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SERRE CHE'S MAIN DRAW - Katie Bamber, Serre Chevalier
Monday February 13, 2017 - Email this article to a friend

The tree and off-piste skiing in the French resort of Serre Chevalier is really something, especially for a place undervisited by Brits. PlanetSKI has been to check it out.

Serre Chevalier is the name of the valleyin the Southern Alps that includes 20 or so villages.

The skiing is predominantly on north facing slopes (good snow!) that starts at the bottom of the valley in Monêtier, through the villages of Villeneuve and Chantemerle, to Briancon.

The ski area is just a 30-minute drive from the freeriding haven of La Grave (See here for recent news on La Grave), but there's more than enough to explore, off piste and on, in Serre Chevalier before La Grave calls, between the larches that make for the most perfect tree skiing and off the sides of runs.

This was especially the case during my two-day stay when it dropped 15cm+ each night.

And as the resort in the Southern French Alps has no shortage of off piste there is something for everyone.

Area completely tracked outTracked out
















A huge amount is visible from the pistes.

It runs long, following the lines of lifts, and wide on the sides of pistes.

Not to mention the boundless and best tree skiing I've done.

Darren TurnerSki coach Darren Turner in the Serre Chevalier trees (see more below)











Serre ChevalierMy less impressive path through the trees
















The first move of a trip - easy as I usually stay in Villeneuve - is to be one of the first out in the morning on the Casse du Boeuf, which runs 3km down to the village as it is usually packed out and testing later in the day.

However, with the 15cm of fresh snow it is time to search for some powder.


A good place to start is the long and wide off piste under the Vallons lift.

VallonsUnderneath Vallons chairlift
















With the Paris holidays in mid swing and fresh snow during the night there was good reason to stay off piste away from the crowds and go high to discover some more of the resort's main draw.

Relatively easy-access off piste can be reached by taking the Eychauda drag lift, coming off to the left.

Skis on, taking a traverse, a drop down and a short climb leads over to a face that is steep enough for a good, long descent, eventually dropping down onto the piste.

 TK Eychauda drag liftOff to the side at the top of TK Eychauda drag lift
















Serre ChevalierAbove the pistes in Serre Chevalier




















Something that always strikes me about Serre Chevalier is the number of advanced skiers there.

It was good snow during my visit, the best of the season arguably, and it is a well connected town in a popular ski area of France.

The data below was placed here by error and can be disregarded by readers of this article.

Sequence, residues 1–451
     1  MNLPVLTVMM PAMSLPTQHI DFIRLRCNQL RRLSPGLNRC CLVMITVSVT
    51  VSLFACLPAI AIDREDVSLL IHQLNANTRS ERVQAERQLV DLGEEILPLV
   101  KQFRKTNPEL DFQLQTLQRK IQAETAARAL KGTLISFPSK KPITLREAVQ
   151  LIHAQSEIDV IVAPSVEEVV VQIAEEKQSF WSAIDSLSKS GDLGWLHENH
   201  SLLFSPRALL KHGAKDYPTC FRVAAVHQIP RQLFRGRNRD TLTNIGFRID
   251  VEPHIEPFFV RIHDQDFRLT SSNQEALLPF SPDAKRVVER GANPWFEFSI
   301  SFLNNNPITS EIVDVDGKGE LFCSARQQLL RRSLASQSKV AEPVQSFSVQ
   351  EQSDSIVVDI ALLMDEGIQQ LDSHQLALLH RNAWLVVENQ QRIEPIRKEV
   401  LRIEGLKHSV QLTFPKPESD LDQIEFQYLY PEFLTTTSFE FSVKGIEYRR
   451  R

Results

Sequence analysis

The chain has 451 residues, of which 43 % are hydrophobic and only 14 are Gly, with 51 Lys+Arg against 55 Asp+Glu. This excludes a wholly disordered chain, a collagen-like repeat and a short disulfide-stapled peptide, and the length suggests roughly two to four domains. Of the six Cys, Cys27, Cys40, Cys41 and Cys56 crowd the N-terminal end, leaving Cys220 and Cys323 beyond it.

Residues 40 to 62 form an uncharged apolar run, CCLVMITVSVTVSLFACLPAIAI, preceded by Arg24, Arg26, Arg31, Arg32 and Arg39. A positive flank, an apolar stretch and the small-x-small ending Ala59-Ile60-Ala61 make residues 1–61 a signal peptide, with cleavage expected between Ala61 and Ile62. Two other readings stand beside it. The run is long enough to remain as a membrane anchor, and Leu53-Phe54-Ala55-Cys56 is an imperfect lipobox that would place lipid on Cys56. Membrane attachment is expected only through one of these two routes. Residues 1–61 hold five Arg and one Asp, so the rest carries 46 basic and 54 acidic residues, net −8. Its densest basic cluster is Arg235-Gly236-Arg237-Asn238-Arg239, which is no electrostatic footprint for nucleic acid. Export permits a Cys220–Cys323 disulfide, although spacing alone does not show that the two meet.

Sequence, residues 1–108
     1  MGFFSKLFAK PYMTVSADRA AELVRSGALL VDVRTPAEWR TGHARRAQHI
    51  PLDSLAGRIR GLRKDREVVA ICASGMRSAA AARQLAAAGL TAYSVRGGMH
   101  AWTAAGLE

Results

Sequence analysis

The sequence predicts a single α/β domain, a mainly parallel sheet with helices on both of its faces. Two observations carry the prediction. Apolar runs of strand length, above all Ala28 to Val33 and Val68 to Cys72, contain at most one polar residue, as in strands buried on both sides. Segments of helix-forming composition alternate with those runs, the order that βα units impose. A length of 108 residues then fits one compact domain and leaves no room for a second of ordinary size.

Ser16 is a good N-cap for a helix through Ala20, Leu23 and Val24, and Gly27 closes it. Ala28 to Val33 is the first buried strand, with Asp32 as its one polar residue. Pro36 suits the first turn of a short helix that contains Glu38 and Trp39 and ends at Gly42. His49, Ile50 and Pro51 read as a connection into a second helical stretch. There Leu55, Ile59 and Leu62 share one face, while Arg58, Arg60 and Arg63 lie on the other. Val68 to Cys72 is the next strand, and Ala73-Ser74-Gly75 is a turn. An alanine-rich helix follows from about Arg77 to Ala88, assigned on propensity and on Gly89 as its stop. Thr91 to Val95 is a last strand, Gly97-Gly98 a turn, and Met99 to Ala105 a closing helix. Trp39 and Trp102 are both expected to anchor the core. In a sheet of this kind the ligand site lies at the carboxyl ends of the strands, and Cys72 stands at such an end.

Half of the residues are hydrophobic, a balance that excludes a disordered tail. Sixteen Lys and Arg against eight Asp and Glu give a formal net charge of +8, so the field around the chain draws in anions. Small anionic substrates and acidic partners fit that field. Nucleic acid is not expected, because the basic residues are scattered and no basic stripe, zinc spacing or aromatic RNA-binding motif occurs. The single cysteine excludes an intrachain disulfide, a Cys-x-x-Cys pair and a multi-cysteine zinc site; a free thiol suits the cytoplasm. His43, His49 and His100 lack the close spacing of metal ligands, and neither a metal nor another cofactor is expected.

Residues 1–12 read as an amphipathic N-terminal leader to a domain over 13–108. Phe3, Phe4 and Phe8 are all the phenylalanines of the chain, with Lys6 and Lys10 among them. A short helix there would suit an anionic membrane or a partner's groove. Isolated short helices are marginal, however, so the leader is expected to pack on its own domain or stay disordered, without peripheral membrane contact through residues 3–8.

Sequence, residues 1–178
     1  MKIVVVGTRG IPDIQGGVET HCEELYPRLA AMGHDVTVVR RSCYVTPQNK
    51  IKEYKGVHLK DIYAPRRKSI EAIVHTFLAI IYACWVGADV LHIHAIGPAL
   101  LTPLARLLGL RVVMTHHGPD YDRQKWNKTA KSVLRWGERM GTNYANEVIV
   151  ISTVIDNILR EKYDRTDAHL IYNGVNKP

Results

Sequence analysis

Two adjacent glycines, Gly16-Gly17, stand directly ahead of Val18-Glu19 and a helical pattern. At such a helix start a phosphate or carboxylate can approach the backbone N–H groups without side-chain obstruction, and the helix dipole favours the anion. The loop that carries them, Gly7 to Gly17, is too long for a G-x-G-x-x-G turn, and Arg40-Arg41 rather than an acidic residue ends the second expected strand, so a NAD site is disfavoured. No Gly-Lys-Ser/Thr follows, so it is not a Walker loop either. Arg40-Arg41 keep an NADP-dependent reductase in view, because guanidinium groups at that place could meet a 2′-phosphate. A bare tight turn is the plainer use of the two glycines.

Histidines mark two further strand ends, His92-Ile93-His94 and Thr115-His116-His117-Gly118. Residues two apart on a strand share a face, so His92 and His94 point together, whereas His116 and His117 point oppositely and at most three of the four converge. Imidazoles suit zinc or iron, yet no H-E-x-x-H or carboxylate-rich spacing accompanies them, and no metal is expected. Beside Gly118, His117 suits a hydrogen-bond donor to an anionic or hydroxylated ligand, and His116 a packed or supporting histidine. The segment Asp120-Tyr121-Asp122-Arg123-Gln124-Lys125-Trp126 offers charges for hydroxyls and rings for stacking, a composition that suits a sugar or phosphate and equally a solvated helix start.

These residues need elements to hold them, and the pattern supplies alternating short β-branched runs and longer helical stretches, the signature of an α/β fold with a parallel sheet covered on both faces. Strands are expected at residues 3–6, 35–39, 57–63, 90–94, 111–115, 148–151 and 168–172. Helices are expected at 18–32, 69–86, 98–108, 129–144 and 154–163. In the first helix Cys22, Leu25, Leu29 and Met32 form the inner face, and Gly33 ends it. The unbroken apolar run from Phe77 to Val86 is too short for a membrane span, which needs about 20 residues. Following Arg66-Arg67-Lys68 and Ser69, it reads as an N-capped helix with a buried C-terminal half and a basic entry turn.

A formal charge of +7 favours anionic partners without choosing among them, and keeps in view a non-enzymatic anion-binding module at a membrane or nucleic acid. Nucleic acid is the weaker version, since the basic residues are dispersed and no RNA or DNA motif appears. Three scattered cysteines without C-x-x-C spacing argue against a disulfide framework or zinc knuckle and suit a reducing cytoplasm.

But it seems that as soon as there is fresh snow, good skiers come out from the mountains surrounding to beat eachother to fresh tracks.

At the top of the Vallons chair, there is a boot up to drop over the back towards the village of Monêtier.

Serre ChevalierSerre Chevalier
















Serre ChevalierSerre Chevalier














There is a vast amount more of bigger skiing and better off piste routes to do in Serre Chevalier.

The Montagnolle line, when there's decent snow, gives one of the resort's good long backcountry rides with more than 1,000 vertical metres to ski.

MontagnolleMontagnolle freeride













It also has relatively easy access with a traverse.

My advice for more extreme freeriding?

Get a local guide and have them show you the real skiing there.

With the recent occurrences of fatal avalanches through the Alps and the variable snow conditions this season, make sure you are up on safety, are properly equipped and informed, and never underestimate the power of the mountain, however good of a skier you are.

Read more here of the fatal avalanche that happened in Tignes this week.

It was clear to see - both off piste and wherever snow had fallen and left undisturbed - the layering caused by snow falls and the recent temperature fluctuations.

Layered snowSnow layers
















During my trip I tagged along to a snow and safety session held by Darren Turner, a coach and Serre Chevalier local.

The avalanche warning was rated 3 throughout the time I was there but going through the safety and technical study of the snow really reminded me how vulnerable we are to the elements.

Darren has also launched an app that gives technical instruction for skiing off piste on powder or heavier snow.

See a sample of his instruction below.

Well worth a look at before or during a ski break...

The Serre Che viewsA look away from the ski area of Serre Chevalier
















There is a huge amount to explore in the resort and I couldn't recommend it more if you are looking for a new challenge when skiing or snowboarding.


After skiing fresh snow with short (but tiring above 2,000m) climbs, it shows just how quickly ski days can go when you're challenged.

Fitting with the feeling of skiing off piste and feeling completely immersed in nature, eat at Pi Mai for rustic, seriously good steaks cooked on an open fire.

Steak lunchFlame-cooked steaks at Pi Mai

















See here for my journey through the Southern Alps from Italy to France, en route to Serre Chevalier.

And more from one of our reporters out in resort earlier in the season.

As for what else there is to do in Serre Che, find out what PlanetSKI's James Rampton got up to.

See here for the main PlanetSKI news page with all the latest stories from the world of snowsports.

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